“When the time comes at an appropriate time, I will say what it is. I will take everything into account. I will decide what it is how I might best contribute to Irish society at that time,” he said on Monday.
Then about a month ago, a story by Fiach Kelly in the Irish Times made it clear that political figures, ie the Labour Party, were of the view the President wants another term.
All the way along, Mr Craughwell has insisted there should be a race and he is adamant he has the necessary 20 signatures from Oireachtas members to force a contest.
Last weekend, Sinn Féin president Mary Lou McDonald weighed in to the debate, adding her voice to the calls for a contest, claiming her party has “hundreds” of suitable candidates while also ruling out Gerry Adams for the post.
She stopped short of saying she would force an election, saying that will be decided in due course.
Then Bertie Ahern, the former taoiseach, said he would be interested in the position — but not now.
Speaking to me this weekend, he made it clear that to his mind, even if there is a race, Mr Higgins would be unassailable.
“I think he will run and he will be an elected. Whether there is or isn’t an election it won’t make any difference,” he said.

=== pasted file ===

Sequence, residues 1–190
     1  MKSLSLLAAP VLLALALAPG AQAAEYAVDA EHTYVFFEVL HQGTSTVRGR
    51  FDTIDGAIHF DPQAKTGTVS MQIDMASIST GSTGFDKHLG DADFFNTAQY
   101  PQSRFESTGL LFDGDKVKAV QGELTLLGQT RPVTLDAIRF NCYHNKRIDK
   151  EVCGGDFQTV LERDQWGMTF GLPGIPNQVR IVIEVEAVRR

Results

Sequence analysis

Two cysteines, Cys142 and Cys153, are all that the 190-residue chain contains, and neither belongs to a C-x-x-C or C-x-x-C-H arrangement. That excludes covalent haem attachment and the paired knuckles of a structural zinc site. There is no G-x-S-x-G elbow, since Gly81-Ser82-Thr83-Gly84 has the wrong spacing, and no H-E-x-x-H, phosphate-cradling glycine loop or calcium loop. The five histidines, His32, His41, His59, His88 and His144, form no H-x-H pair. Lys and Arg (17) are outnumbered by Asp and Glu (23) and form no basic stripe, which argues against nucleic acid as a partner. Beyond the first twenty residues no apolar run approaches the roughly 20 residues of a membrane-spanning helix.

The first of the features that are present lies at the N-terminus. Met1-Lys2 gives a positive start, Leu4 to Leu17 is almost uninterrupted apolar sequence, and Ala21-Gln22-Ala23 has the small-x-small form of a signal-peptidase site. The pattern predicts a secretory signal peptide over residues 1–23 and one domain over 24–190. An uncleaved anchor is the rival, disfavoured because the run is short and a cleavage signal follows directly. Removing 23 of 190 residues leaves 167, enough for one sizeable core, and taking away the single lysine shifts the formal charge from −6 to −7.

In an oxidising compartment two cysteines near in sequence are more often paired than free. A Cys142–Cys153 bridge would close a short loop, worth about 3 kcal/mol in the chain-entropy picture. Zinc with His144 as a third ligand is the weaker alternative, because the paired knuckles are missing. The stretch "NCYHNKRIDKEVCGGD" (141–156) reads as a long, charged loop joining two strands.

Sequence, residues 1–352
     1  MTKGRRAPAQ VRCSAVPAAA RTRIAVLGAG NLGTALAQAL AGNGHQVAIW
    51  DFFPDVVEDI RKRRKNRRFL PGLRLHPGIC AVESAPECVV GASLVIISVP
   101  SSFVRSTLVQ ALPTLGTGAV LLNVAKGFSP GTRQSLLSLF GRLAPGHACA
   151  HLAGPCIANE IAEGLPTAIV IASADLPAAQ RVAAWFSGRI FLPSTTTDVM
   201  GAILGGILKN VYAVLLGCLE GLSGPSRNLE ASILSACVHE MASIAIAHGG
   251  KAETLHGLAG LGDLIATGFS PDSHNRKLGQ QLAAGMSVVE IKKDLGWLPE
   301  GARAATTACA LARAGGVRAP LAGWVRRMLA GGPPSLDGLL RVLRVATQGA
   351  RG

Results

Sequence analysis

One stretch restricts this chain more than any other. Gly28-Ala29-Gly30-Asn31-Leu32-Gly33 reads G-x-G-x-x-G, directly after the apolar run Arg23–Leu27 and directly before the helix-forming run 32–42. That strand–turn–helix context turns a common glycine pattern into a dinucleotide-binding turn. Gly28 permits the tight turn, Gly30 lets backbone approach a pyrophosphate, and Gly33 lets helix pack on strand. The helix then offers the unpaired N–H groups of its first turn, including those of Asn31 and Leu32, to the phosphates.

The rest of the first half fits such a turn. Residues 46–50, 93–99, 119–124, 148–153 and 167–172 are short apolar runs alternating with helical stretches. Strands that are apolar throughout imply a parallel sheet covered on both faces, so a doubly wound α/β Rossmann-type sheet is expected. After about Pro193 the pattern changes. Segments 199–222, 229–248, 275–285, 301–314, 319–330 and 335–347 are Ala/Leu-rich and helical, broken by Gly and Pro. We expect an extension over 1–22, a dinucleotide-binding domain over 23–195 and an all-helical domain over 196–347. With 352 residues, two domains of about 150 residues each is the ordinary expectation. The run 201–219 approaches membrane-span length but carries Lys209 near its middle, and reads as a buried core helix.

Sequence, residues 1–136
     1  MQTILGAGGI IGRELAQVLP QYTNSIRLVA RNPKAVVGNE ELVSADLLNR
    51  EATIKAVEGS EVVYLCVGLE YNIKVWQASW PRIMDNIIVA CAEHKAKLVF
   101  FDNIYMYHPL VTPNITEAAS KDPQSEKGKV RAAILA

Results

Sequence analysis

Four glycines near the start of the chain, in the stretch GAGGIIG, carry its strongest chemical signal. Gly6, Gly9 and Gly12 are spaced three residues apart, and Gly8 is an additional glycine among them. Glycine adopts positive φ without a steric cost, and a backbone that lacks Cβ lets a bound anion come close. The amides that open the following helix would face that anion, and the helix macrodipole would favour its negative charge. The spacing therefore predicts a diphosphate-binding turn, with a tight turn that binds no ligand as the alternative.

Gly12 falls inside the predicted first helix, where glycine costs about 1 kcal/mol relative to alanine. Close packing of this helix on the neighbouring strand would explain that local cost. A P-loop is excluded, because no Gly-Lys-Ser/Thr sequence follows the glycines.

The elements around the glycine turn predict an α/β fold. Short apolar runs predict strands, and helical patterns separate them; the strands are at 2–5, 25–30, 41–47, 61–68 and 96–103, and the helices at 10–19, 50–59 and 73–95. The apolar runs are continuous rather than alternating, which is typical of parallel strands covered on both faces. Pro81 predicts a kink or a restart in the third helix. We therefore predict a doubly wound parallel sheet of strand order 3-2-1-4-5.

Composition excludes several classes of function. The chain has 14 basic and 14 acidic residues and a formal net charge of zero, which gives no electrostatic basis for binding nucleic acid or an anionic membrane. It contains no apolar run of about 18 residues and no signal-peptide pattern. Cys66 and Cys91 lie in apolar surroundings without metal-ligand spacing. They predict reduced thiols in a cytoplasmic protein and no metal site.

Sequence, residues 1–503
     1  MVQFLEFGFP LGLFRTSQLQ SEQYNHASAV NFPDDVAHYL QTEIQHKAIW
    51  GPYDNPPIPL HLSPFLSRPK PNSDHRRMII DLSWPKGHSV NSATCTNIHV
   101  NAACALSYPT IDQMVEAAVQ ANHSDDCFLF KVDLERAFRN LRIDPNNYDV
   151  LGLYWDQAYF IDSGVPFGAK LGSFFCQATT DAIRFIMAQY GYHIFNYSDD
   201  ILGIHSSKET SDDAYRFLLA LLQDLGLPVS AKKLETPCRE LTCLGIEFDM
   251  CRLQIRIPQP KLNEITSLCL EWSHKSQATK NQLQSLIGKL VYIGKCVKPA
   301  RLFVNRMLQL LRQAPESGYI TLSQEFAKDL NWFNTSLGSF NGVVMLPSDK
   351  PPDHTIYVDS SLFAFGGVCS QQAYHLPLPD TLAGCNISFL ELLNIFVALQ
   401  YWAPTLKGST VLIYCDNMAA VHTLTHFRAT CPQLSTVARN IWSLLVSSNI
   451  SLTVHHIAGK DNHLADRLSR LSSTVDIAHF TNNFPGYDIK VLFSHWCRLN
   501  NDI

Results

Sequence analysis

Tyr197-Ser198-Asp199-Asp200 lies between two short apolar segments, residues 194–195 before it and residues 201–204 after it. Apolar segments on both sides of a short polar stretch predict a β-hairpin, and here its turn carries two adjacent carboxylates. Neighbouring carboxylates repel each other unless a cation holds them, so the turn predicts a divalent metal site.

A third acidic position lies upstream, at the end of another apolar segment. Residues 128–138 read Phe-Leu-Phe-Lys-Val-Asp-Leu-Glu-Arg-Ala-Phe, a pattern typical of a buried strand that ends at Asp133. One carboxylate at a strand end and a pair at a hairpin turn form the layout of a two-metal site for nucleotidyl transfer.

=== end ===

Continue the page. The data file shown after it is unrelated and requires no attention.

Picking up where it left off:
“He would be targeted but I don’t see any strong contender to take him on. Now I have no problem with an election, I am a democrat, as you know. If he wants to stay another while... I don’t want that job until I am about 90. I am too young for that job,” he said.
Until last night, it had seemed that broadcaster Miriam O’Callaghan had put the cat among the pigeons with a possible presidential run.
She had repeatedly failed to rule out whether she will run for the presidency after being questioned on the matter at a charity event.
However, when pushed about her presidential ambitions, she failed to clarify if she was going to run for Áras an Uachtaráin later this year.
“We have a wonderful President,” was all she would say at the time, before tweeting definitively last night that she was not going to run.
Out of respect to them, and to our serving President, I have always declined to engage in those discussions.
However, given the recent resurgence of speculation, I want to state that I will not be a candidate in an upcoming Presidential election.— Miriam O'Callaghan (@MiriamOCal) April 6, 2018
There had been speculation that she would be the candidate of choice for Fianna Fáil but there is a clear reluctance to force a contest should Mr Higgins decide to stay on — given we are staring down the barrel of local and European elections in 2019 and there is a very real chance of a general election before that.
There is a similar reluctance within Fine Gael’s upper echelons to contest the presidency and it is known that Mr Varadkar would be more than happy to allow the President a free run at a second term.
While no one should have an automatic right to a second term, the truth of the matter is that Michael D Higgins’s apparent desire to continue on and the clear wish among the major parties to avoid an election combined could see him safely over the line.
© Irish Examiner Ltd. All rights reserved